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20.05.2020 By: Jutta Iten

Artikel Nummer: 32045

Making a profit – despite Covid-19

The Japanese container shipping line ONE closed financial 2019 with a positive result. It made a loss in the previous year.

The container shipping line Ocean Network Express (ONE), which was formed in 2017 when NYK, MOL and K Line merged their container shipping activities, has been able to recover from the poor result it attained in 2018. In the financial year that runs from April 2019 to March 2020 the shipping line moved from the red into the black.

The corporation, which is headquartered in both Singapore and Tokyo, gene­rated sales of nigh-on USD 12 billion in financial 2019. Its profit came to around USD 105 million, thanks also to three successful quarters in succession of the financial year. This was achieved despite some pressure in the first year of its business activities, also induced by the Chinese new year and government measures to contain the outbreak of ­Covid-19. In 2018 the line lost USD 586 million.

The consultancy Alphaliner’s ­figures rank the firm ONE as the ­sixth-largest shipping line worldwide; its total capacity comes to around 1.6 million teu.


Member of The Alliance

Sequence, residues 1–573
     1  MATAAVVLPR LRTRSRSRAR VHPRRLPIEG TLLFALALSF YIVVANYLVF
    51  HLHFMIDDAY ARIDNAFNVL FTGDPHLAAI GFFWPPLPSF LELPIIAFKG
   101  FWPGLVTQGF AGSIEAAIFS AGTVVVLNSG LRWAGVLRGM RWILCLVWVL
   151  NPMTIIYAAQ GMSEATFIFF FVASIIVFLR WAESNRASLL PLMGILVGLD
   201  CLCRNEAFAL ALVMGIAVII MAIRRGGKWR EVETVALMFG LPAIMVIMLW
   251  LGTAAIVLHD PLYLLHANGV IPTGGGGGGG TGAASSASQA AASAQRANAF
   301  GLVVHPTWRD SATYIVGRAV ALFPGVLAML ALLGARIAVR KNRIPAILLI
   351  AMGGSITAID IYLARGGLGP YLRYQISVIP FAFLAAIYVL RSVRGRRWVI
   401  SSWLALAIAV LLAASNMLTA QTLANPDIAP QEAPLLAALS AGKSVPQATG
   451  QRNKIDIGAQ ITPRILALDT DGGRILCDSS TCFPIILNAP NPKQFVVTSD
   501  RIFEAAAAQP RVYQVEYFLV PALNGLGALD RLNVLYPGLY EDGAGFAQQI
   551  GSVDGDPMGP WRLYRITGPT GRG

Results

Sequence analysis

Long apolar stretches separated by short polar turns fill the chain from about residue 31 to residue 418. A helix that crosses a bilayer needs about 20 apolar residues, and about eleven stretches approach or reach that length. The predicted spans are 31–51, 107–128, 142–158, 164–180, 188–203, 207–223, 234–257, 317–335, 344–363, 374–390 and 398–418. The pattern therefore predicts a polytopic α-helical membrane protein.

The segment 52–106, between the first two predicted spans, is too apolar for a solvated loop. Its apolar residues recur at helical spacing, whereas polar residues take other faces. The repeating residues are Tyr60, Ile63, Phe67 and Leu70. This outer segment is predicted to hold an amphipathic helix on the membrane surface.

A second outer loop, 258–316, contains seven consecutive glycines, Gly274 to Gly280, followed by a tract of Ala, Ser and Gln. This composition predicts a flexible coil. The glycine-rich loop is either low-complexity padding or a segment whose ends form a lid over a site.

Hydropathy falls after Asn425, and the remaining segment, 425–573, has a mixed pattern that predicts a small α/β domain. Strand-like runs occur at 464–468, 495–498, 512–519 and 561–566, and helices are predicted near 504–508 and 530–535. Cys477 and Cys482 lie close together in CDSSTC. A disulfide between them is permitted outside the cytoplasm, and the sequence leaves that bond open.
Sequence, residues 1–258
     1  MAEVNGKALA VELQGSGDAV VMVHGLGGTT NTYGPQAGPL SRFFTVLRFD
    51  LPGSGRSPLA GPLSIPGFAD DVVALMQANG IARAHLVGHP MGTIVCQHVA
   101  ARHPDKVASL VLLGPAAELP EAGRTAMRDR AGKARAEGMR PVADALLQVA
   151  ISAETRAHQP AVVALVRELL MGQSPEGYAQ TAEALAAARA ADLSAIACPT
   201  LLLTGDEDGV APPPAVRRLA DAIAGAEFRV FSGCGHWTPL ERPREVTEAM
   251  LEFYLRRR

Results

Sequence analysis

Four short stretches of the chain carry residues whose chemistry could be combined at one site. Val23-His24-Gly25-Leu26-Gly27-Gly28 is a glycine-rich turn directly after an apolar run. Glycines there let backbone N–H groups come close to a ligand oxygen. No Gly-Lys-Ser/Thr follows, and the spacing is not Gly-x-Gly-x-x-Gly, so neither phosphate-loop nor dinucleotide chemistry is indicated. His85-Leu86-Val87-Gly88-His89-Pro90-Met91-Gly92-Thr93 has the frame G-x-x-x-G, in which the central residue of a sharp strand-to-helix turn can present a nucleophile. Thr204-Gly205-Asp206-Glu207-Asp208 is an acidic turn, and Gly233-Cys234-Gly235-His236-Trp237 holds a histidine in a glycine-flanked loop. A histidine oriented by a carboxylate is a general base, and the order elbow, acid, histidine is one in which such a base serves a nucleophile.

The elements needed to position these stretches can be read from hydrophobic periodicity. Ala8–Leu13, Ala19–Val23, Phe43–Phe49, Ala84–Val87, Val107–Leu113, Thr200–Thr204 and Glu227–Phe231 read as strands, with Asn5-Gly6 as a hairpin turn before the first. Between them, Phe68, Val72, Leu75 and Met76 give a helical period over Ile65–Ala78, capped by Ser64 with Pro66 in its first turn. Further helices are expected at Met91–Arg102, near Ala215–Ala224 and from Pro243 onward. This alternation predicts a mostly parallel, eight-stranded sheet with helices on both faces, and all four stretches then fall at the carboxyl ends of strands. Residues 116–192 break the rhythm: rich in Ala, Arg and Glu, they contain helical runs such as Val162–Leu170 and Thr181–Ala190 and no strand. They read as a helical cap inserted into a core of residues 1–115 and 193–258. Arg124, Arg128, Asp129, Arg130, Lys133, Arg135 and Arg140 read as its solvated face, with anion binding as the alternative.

The fact that the corporation’s financial years run from April to March of the following year – as is the usual custom in Japan – means that a definite analysis of its performance in comparison with the situation of other shipping lines cannot yet be undertaken.

The fact that the shipping line is a member of The Alliance – together with Hapag-Lloyd, Yang Ming and HMM (which just came on board recently) – is a key aspect. According to Alphaliner, The Alliance manages more than 15% of global container capacities. It operates more than 615 ships and offers capacities of around 4 million teu. The Alliance said that its market share in the trans-Pacific trade comes to almost 30% and to around 23% in the Asia–Europe trade.

Of course the downturn arising from governments’ measures to contain the outbreak of Covid-19 has also hit The Alliance hard. The expected further container trade decline has forced the asso­ciation to further adjust its schedules. Having already cancelled sailings, May and June will see the blanking or merger of additional services.